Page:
“They treated us like animals and we know our human rights have been violated to a great extent”.
It is certainly an attitude that rings familiar to the rural people of Sarawak.
Women and children’s rights
Despite the Malaysian Government ratifying the UN Convention on the Elimination of all Forms of Discrimination against Women (CEDAW) and the UN Convention on the Rights of the Child (CRC), the Government has failed to address serious human rights concerns related to indigenous women and children in Sarawak.
There have long been reports of systematic rape and abuse by loggers against indigenous women in Sarawak, but the Government have refused to take action to protect them or conduct a proper investigation.
In a BBC interview in 2009 BN MP James Masing even stated that the Penan are ” very good story tellers”.
Sarawak’s logging companies have shown identical lack of concern elsewhere in the world.
The 2011 film “Bikpela Bagarap (Big Damage)” by David Fedele uncovered the tragic environmental and social destruction carried out by WTK subsidiaries Vanimo Forest Products and Amanab Forest Limited in Sanduan Province, PNG.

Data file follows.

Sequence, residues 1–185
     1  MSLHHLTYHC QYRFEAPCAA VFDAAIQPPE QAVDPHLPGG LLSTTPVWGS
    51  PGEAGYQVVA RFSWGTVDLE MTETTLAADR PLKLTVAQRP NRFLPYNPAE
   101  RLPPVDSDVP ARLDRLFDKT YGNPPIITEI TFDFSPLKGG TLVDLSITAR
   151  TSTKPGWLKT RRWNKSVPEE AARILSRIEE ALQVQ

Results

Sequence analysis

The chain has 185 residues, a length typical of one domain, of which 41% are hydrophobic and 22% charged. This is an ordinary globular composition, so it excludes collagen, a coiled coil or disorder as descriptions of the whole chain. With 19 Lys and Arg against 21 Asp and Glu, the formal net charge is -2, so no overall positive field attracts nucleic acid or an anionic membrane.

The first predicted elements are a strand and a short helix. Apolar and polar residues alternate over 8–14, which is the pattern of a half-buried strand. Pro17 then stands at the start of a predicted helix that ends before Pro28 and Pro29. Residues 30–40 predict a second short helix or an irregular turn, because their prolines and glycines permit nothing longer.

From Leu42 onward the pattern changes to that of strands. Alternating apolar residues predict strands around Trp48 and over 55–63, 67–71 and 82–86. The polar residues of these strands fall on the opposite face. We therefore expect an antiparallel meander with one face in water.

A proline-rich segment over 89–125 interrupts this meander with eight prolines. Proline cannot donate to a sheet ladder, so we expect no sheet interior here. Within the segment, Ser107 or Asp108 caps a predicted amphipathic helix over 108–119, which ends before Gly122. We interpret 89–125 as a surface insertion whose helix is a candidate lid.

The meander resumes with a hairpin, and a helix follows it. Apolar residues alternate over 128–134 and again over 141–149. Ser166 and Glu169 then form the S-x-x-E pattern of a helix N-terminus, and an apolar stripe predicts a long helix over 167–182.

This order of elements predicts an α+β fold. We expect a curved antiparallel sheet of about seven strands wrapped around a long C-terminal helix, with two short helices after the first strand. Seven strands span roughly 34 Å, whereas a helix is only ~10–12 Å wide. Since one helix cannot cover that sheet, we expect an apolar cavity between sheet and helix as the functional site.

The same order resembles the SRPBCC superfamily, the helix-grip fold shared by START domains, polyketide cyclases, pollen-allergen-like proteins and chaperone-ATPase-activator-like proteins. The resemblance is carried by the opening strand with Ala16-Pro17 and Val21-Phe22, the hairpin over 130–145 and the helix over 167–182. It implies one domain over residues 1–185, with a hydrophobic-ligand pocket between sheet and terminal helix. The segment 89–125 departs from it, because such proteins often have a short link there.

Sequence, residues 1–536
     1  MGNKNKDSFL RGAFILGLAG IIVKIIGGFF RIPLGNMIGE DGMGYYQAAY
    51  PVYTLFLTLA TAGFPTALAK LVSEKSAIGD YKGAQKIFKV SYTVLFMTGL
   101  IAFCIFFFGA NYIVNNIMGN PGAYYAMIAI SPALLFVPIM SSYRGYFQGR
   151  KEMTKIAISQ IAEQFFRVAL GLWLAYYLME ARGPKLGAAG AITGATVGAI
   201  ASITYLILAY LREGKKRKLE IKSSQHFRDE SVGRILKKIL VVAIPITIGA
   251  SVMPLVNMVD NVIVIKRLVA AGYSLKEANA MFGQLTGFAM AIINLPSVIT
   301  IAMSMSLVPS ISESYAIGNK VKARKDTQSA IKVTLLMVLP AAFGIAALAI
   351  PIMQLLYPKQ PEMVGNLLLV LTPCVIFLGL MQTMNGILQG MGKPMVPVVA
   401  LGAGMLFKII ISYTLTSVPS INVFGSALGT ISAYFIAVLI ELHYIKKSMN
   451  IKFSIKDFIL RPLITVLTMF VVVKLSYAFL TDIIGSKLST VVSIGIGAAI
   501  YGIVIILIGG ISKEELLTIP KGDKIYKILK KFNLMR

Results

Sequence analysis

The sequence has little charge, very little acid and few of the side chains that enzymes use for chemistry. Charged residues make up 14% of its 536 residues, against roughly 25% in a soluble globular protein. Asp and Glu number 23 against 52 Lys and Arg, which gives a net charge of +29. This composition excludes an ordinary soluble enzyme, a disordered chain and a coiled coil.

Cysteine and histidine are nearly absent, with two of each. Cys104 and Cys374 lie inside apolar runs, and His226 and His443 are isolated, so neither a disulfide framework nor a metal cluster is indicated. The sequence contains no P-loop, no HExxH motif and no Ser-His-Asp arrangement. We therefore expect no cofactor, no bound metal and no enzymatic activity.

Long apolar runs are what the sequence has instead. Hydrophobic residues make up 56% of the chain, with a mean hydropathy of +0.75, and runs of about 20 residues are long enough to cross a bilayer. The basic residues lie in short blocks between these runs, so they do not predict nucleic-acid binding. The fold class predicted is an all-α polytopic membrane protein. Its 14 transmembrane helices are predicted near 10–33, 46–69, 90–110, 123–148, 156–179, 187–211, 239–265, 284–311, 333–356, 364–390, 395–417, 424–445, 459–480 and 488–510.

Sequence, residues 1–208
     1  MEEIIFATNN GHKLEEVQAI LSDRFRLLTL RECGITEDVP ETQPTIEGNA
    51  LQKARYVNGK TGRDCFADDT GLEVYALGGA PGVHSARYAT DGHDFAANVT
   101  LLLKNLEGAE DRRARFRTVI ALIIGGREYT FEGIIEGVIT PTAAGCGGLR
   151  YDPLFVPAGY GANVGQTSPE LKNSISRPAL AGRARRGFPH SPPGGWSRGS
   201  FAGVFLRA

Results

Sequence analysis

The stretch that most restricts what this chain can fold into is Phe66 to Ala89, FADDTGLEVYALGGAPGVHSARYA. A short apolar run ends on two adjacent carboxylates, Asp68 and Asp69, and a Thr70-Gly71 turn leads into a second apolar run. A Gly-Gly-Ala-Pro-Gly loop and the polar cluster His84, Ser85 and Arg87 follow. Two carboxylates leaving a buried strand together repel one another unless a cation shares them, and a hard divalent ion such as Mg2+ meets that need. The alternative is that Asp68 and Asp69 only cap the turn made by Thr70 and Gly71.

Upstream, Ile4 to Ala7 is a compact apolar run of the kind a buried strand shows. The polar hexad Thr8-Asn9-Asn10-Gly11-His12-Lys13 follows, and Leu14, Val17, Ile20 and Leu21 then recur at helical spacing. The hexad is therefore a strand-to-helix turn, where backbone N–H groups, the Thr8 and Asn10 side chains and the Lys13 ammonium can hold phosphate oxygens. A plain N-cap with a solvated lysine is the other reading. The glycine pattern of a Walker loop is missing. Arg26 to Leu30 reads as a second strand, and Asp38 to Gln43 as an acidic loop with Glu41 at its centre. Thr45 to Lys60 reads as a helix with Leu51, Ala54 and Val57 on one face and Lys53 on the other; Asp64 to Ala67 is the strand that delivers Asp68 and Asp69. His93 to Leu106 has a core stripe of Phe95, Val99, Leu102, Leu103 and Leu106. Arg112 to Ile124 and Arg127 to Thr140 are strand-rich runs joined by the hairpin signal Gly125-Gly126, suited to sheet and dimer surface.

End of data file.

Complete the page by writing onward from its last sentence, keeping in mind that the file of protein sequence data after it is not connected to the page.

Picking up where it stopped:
WTK own the one supermarket in town, the hotel, gaming machines and the sawmill. They control the shipping and fuel, whilst Rimbunan Hijau own one of the only two national newspapers.
According to the report, many young women are forced into prostituting themselves to the Malaysian loggers to survive and that many cannot afford to send their children to school.
“Some children go to school, some don’t have school fees so they stay back in the house. If our fathers don’t work or get enough hours there is no money so the children don’t go to school, and there is no food. Education is very bad because of this.”
“Some of them [the loggers’] give money. They give money to some young girls to bribe them just to sleep with them. They give them a baby, leave the women and go back to Malaysia.”
We say that it is time the world woke up to the Sarawak logging menace and the huge capital base that has propelled it into these communities. Even the forests of Australia, the wilderness of Tasmania have proved easy prey for the familiar tactics of the clear cutting Malaysians.
Hamed Sepawi, Taib’s cousin and business proxy, has ingratiated his way into the political life of the state and caused outrage through a series of questionable deals that have permitted his company Ta Ann to destroy huge areas of forest marked for protection.
The game is corruption and the consequences of greed are always ugly.